Choosing a wine like a professional

22 Feb 2016

By Shadforth Financial Group

Choosing a good drop from a restaurant’s wine list can be a battlefield if you don’t know your stuff. More often than not, your decision can end up being based on price alone and, thanks to the significant mark-up on restaurant wines, this tactic can leave you with a sour taste in your mouth.

So, it can pay to do your homework and knowing which Australian regions are most renowned for each of the wine varieties is a good place to start. ARIA Group operate two renowned restaurants in Sydney and Brisbane. ARIA’s Sommelier, Matthew Dunn, believes the best regions for some of the major varieties are as follows:

How to choose

Dunne explains that the structure of a wine list is generally based on three important factors: style, price and region. Decide what type of wine you are interested in based on your mood and what type of food you will eat. Then choose a price bracket you are comfortable with and stick to it. If you are still feeling uncertain, then the best option is to ask the waiter or the sommelier, if the restaurant has one, what they think. A good sommelier will take into account your budget, the food you will be eating and your declared preferences. Another way to broaden your tastes is to choose a wine by the glass. These are becoming an increasingly popular option and allow those who don’t want a whole bottle to access excellent wines.

“When the time comes to make a choice — be daring, be open and try something new,” Dunne says

What to look for

Balance and length on the palate are the qualities you should keep an eye out for when choosing a wine, according to Dunne.

“The sign of any great wine is when you can still taste it 30 seconds after you’ve tried it.”

Food pairing

The main consideration is that the flavours of the food should not overpower the taste of the wine, ideally they should complement each other. Foods with a powerful flavour go well with wines that have a stronger taste. The opposite also applies.

  • For red meat, think Shiraz or Cabernet Sauvignon.
  • For fish, a lighter tasting wine like Sauvignon Blanc is a good choice.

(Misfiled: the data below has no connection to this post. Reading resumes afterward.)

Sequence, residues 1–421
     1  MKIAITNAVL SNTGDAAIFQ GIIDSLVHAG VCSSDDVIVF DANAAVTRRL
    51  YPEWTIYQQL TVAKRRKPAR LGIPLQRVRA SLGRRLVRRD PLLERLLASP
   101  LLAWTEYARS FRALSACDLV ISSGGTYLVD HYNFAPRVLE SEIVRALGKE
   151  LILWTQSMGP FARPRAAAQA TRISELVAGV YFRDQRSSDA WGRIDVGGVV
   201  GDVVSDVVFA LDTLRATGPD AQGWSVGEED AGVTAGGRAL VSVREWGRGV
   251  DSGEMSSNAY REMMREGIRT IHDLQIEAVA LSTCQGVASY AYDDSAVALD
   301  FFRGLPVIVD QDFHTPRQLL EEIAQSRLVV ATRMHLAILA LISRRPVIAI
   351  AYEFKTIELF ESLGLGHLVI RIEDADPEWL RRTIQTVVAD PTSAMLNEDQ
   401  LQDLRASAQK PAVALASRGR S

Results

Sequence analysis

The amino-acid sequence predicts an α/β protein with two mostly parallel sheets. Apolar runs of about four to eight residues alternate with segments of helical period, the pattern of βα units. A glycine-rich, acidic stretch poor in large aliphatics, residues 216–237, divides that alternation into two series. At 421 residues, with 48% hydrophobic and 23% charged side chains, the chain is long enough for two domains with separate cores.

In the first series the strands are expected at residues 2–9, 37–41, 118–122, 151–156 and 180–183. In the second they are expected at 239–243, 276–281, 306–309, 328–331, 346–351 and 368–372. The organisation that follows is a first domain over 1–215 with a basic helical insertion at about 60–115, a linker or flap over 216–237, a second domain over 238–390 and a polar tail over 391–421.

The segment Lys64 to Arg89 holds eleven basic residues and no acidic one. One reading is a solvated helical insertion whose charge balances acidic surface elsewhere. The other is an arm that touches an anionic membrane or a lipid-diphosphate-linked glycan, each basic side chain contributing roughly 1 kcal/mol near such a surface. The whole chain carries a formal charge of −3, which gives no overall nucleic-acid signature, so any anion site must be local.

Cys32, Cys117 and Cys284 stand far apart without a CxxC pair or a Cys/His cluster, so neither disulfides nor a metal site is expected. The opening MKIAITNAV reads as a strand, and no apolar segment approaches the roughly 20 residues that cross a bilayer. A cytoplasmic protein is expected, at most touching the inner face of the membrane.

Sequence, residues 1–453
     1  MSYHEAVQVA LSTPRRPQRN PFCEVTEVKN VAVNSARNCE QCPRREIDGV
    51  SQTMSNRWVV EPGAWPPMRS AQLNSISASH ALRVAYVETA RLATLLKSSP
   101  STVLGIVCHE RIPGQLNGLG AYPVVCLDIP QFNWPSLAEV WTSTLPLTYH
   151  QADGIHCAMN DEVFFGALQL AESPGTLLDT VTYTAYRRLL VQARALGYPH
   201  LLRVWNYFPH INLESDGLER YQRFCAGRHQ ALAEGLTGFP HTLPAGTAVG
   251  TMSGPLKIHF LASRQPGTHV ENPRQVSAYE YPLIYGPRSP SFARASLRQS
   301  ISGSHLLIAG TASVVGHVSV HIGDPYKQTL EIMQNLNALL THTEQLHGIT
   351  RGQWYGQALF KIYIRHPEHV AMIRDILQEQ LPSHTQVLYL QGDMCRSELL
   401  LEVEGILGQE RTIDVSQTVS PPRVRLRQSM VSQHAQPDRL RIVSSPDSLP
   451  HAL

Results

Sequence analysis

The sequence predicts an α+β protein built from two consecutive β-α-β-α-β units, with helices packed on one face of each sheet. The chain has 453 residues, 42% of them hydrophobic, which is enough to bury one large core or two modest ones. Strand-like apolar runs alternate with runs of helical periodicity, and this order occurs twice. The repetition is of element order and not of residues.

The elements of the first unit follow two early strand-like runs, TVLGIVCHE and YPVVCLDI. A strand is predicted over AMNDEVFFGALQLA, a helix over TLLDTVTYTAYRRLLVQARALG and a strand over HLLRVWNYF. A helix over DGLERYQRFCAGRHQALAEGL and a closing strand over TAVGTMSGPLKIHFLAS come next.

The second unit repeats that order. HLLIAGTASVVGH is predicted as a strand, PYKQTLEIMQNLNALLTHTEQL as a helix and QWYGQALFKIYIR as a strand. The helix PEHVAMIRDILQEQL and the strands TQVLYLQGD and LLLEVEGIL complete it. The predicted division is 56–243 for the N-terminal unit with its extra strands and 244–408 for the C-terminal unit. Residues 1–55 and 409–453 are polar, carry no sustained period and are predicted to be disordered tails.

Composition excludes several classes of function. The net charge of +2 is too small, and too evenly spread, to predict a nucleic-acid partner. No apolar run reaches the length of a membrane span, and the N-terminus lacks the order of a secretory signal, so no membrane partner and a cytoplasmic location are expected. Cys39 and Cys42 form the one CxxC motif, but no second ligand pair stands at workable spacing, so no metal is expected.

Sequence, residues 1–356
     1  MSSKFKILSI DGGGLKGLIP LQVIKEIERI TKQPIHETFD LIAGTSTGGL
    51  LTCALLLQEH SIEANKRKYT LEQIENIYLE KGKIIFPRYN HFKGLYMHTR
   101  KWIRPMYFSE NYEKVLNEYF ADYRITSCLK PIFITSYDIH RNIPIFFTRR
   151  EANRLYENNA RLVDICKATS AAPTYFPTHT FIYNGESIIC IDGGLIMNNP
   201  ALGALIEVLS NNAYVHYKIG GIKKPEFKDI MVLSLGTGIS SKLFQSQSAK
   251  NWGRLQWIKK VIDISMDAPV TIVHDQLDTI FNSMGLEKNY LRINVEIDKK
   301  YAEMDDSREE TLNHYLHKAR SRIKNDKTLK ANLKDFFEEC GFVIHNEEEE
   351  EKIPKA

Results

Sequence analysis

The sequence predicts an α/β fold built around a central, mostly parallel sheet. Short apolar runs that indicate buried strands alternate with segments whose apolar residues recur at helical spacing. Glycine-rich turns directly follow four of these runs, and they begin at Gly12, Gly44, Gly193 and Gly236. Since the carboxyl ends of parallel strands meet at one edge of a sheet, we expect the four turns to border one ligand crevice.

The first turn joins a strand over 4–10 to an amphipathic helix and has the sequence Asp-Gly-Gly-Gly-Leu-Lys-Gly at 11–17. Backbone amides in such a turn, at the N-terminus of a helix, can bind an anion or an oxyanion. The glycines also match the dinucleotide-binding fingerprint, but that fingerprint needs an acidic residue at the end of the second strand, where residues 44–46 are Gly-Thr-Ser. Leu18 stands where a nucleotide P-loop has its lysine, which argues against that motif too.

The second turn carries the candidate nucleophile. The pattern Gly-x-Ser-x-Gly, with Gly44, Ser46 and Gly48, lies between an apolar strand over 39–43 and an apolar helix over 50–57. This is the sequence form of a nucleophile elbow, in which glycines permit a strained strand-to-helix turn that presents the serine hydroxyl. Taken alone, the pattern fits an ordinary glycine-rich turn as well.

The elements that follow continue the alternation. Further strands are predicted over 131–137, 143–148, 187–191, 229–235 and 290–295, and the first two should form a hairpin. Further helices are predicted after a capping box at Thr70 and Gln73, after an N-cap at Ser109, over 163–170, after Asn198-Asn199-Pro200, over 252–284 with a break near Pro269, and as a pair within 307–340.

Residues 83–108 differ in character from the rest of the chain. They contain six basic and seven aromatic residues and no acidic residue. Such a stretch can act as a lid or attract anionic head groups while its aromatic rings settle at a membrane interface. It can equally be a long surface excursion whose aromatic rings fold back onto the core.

• Grilled foods go well with Pinot.
  • For salads and other light foods, try Rosé.

Of course, this is just a starting point so you can then begin to map out and explore your own preferences. Ultimately, it should come down to what you enjoy drinking.

Other tips

We’ve all been there — lured to purchase something based on the label. But when it comes to wine, the picture on the bottle isn’t always a good plan. Another trap for the unwary is the bargain bin at the bottle shop — there is probably a reason the wine is being sold cheaply and it is unlikely to be because it is terrific. A more modern way to help you choose is to use one of the many mobile apps available that can read wine labels and offer ratings and reviews. Another tip is to buy a case rather than a single bottle as you can save a significant amount of money and bring previously unaffordable wines into your price bracket. Finally, if you are very enthusiastic to learn more about wine, then joining a local wine club or society is a great idea as you’ll be able to meet like-minded people and get an opportunity to try a wide variety of wines. When it comes to wine, as with many interests, you never stop learning.

A bottle shop’s best

Here are the wines that Matthew Dunne thinks are some of the best in the bottle shop. They are priced in the $20 - $30 range.

2015 Briar Ridge Fiano
Hunter Valley

“An aromatic white with great acidity and dry palate — a good alternative to Pinot Grigio and great for summer.”

2014 Dominique Portet Fontaine Rosé
Yarra Valley

“Juice for the summer season.”

2015 Eldridge Estate PTG
(Passetoutgrains — this is a blend of 50 per cent Pinot Noir and 50 per cent Gamay)
Mornington Peninsula

“Bursting with bright red fruits, lots of spice, light on its feet and very refreshing.”

2014 Hentley Farm ‘The Stray Mongrel’
(Blend of Zinfandel, Grenache and Shiraz)
Barossa Valley

“Medium bodied with lots of spice and dark red fruits.”

Something different

If you want something made in small quantities direct from the cellar door, Dunne also recommends Harkham Wines in the Hunter Valley. They’re organic and preservative free — look out for the Chardonnay and the Shiraz!

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